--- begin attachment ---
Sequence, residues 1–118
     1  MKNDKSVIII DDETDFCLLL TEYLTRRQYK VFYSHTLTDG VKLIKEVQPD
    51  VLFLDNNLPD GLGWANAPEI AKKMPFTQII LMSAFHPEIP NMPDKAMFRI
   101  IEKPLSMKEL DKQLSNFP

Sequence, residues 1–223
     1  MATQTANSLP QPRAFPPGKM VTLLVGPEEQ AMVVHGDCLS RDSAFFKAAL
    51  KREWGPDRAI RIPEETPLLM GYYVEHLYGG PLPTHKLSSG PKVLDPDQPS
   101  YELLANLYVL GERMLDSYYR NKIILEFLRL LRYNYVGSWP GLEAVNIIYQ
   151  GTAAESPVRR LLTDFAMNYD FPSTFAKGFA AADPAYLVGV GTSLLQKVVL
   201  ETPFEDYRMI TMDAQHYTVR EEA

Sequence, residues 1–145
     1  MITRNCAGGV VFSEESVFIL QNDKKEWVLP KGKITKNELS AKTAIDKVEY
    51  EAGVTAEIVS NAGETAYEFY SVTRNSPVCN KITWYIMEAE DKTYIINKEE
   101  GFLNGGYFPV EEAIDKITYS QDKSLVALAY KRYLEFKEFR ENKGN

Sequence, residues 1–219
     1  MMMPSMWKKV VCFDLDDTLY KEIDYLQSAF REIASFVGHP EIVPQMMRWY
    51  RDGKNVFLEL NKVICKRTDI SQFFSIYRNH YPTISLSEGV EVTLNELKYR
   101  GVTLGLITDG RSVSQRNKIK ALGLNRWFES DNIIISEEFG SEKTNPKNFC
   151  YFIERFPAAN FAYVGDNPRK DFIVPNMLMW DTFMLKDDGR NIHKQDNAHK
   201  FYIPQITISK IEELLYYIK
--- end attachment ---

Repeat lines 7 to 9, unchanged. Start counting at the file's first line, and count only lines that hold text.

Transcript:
    51  KREWGPDRAI RIPEETPLLM GYYVEHLYGG PLPTHKLSSG PKVLDPDQPS
   101  YELLANLYVL GERMLDSYYR NKIILEFLRL LRYNYVGSWP GLEAVNIIYQ
   151  GTAAESPVRR LLTDFAMNYD FPSTFAKGFA AADPAYLVGV GTSLLQKVVL